A foundation linked to Chicago rapper Vic Mensa plans to distribute tennis shoes to kids near the site where cops parked a “bait truck” full of shoes in hopes of catching would-be thieves. Authorities were widely condemned by the ACLU and local politicians when videos showing the operation in action went viral.
“We wanted to do something in response, but have a positive response,” Laundi Keepseagle, the executive director of Vic Mensa’s SaveMoneySaveLife foundation, said Thursday, according to The Chicago Sun-Times. “We don’t want to create conflict with the police, but we do want to take a step forward, and just showcase that acts like that aren’t acceptable in communities that we care for.”
Keepseagle said the foundation plans to station an “anti-bait truck” where shoes will be given away, along with food trucks, as part of a back-to-school event. The date of the event will be released after the foundation receives the shoes, Keepseagle said.
With hopes of selling at least 5,000 pairs of shoes, the foundation put the word out to shoe companies, athletes and other prominent figures asking for donations or assistance with the campaign, Keepseagle said.
Activist Shaun King promoted the drive on Twitter Thursday, asking people to order shoes for the anti-bait truck through Amazon. By Friday, over 4,000 pairs had been secured for the anti-bait truck.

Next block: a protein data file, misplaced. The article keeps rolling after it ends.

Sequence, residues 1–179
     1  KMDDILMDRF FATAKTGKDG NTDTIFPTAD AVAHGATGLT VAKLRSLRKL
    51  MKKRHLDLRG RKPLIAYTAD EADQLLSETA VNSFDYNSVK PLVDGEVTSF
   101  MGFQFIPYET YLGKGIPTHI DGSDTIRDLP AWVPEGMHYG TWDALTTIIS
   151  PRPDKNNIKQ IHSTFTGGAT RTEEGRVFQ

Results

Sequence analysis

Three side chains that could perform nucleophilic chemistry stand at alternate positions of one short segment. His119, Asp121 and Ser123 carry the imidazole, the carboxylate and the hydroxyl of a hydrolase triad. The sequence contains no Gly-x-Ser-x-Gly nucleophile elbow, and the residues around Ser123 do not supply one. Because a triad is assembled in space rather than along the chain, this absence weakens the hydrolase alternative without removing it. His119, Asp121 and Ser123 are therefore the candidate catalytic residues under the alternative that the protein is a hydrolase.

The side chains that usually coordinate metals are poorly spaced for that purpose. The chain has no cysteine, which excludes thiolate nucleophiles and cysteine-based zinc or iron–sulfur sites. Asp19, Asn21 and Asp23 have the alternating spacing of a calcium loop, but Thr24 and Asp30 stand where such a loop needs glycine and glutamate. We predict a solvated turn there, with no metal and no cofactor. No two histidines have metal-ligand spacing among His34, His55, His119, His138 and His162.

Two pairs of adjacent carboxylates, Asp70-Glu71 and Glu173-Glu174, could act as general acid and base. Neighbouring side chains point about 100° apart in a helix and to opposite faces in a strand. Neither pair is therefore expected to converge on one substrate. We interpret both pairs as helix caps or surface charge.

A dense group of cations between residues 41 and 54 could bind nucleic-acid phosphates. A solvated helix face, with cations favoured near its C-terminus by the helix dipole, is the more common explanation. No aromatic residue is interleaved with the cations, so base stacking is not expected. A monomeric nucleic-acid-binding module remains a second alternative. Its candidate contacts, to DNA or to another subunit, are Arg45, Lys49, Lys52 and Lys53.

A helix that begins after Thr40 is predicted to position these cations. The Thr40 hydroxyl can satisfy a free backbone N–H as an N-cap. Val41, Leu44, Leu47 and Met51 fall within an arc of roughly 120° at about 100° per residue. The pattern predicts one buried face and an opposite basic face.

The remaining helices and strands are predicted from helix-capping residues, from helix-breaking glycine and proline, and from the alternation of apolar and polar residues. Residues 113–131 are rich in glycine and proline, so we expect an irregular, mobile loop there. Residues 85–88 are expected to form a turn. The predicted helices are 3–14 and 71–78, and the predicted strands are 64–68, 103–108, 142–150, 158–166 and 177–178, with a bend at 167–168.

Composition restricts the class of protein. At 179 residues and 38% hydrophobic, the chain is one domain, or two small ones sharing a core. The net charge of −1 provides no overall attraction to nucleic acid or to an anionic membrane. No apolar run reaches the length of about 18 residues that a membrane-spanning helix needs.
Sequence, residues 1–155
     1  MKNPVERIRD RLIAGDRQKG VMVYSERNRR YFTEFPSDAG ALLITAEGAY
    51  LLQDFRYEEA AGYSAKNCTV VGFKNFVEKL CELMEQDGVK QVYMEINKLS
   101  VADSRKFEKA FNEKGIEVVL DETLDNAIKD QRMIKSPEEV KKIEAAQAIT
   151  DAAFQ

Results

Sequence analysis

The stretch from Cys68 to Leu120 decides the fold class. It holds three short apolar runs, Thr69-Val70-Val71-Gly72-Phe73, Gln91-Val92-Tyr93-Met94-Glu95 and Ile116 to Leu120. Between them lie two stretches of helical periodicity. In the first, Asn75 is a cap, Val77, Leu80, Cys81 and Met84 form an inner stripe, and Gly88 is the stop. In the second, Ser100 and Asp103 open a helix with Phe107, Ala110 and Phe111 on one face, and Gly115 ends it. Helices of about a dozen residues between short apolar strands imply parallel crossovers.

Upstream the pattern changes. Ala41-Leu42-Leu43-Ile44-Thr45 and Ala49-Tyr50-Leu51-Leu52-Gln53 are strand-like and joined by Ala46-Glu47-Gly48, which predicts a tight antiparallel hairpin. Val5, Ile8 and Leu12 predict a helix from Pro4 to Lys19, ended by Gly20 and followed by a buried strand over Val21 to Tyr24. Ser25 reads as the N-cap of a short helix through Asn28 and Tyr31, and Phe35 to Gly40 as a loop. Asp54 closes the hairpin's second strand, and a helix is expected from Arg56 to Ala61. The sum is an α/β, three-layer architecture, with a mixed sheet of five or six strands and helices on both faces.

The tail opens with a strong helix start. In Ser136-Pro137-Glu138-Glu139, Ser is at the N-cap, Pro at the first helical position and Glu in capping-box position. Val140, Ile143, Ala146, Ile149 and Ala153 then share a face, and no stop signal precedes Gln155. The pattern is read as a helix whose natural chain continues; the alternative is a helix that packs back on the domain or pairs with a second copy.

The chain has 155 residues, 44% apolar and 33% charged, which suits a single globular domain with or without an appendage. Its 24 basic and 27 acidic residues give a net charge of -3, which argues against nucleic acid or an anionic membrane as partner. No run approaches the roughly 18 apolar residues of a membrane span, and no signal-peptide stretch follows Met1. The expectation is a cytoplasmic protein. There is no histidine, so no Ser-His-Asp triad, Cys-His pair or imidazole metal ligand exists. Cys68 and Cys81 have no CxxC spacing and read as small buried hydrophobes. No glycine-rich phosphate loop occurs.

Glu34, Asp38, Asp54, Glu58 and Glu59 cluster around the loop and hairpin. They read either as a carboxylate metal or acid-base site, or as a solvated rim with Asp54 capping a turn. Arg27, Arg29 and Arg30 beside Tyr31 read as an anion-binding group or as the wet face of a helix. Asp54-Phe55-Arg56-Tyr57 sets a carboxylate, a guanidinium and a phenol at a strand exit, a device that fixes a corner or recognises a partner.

Via Chicago Sun-Times:
No children were arrested in the sting after Norfolk Southern Rail police department positioned two sealed and apparently abandoned trucks in Englewood last month. A Norfolk Southern spokesperson said last week that “Operation Trailer Trap,” which was conducted with the help of Chicago police officers, was conducted in response to thefts from a nearby rail yard. A pair of viral videos pushed the operation into public view. One, taken by activist Charles Mckenzie, shows a group of men confronting police officers next to the bait truck.
Three men, ages 21, 36 and 59, were arrested for breaking into the trucks and removing merchandise. Burglary charges against all three men were dropped by Cook County State’s Attorney Kim Foxx “in the interest of justice,” according to office spokesman Robert Foley. Norfolk Southern released a statement last week expressing regret for the operation, and committing not to use similar tactics in the future. One of the arrested men, who was deaf, told police in sign language he had entered the truck to look for food, according to a police report.
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